Practice Safe Packing
When shopping, don’t load everything up in one bag and lug it around. You want to distribute the weight on your body. Put heavier items on the bottom and lighter items on top. If you can, make frequent trips to the car to drop off purchases. When traveling, don’t pack everything in one bag, even if doing so saves you money. Choose a light-weight bag, so that the only weight you’re carrying is the contents inside the suitcase.

Use Ladders Correctly
Though we may be inclined to stand on whatever gets the job done, doing so won’t be worth it if you wind up in pain.

  • Take the extra time to select the correct ladder for the job. That’s one that extends at least three feet over the roofline or working surface.
  • Always place your ladder on level and firm ground, and use leg levelers (available at home improvement stores) on uneven or soft ground.
  • Make sure the ladder can support both your weight and the load you are putting on it by checking the ladder’s maximum load rating.
  • Set up straight, single or extension ladders at about a 75–degree angle. To test if you have the correct angle, stand up straight with your toes touching the feet of the ladder as it leans away from you. Extend your arms in front of you. Your palms should touch the top of the rung that’s at shoulder level.
  • Center your body between the rails of the ladder at all times. If you were to have a belt on, the buckle should never be outside of the right or left rail of the ladder.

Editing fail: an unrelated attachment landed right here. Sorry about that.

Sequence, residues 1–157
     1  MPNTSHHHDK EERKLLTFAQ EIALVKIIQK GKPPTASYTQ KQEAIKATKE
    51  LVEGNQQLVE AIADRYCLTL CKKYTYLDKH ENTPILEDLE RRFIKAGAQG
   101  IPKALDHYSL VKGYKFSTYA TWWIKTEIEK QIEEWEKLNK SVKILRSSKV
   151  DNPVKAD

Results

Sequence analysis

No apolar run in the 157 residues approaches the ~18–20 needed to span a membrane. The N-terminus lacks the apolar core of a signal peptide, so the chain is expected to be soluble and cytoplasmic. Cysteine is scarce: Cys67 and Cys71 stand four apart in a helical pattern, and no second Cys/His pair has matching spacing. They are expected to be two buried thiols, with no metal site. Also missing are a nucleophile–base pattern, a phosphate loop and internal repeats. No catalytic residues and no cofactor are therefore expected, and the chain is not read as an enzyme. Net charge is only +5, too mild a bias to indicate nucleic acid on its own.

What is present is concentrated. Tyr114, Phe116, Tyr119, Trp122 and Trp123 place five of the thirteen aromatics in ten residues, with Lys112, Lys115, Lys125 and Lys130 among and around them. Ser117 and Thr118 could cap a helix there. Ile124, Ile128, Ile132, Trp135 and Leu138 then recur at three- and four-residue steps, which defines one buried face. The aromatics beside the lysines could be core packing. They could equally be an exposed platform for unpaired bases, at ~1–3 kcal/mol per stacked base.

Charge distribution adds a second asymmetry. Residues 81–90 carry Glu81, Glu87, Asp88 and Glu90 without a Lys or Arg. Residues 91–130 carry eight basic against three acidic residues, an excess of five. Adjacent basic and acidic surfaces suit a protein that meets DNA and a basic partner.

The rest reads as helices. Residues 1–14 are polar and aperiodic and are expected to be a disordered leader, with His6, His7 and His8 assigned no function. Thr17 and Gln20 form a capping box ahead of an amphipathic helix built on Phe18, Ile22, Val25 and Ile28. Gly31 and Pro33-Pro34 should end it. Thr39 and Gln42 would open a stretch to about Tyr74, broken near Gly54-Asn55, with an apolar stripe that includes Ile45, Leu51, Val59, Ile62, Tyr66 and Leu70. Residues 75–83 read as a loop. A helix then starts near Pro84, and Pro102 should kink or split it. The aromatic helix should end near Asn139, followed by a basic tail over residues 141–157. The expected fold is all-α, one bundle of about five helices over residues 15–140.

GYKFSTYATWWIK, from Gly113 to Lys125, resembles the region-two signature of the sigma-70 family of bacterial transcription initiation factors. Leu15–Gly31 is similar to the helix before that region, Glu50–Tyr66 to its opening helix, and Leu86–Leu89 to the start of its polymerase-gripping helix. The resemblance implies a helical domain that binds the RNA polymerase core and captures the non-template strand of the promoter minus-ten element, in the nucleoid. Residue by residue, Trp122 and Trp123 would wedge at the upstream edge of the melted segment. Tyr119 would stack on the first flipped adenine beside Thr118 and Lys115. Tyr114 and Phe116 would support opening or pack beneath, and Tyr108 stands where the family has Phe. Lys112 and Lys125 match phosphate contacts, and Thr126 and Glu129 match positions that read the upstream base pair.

• Do not stand on the top three rungs of a straight, single or extension ladder. Stay off of the top step and bucket shelf.

Prolonged standing – especially while carrying heavy items – can put great stress upon your back. Try to sit down and relax for a few minutes at every chance you have. If possible, try to take a shopping buddy along and share the load of your shopping bounty.

If you’re spending a lot of time at a computer over the holidays – or any time, really – remember to maintain good posture, with your neck and spine aligned, ears in line with the tops of shoulders, and shoulders in line with hips. Sitting with legs crossed puts extra pressure on your back. When using a laptop, raise the screen to eye level if possible. Take breaks every 30 minutes to stretch, roll your neck, take a walk or drink some water.

Don’t Ignore Pain
If you do experience back pain or signs of back strain, don’t wait until after the holidays to see your doctor. Medical studies have shown that one year after experiencing a new episode of back pain, 75% of people had ongoing pain and disability a year later. If not properly diagnosed and treated, back pain has an 80% chance of recurrence.


Dr. Alfred O. Bonati

View posts by Dr. Alfred O. Bonati
Dr. Alfred O. Bonati revolutionized the field of spine surgery. He developed a new set of treatments based on his work with lasers, e.g., Holmium YAG, and received FDA approval for the use of that laser for the first time on the human spine as part of his patented procedures. The Bonati Spine Procedures are highly successful and reflect over 94% patient satisfaction. More than 45,000 successful procedures have been performed at The Bonati Spine Institute since 1981. Dr. Bonati continues to lead the way in the study of laser technologies to treat cervical, thoracic, and lumbar spine problems. Outside of his professional duty to look after the well-being of his patients, Dr. Bonati seeks to better the lives of the members of his community through his commitment to charitable service.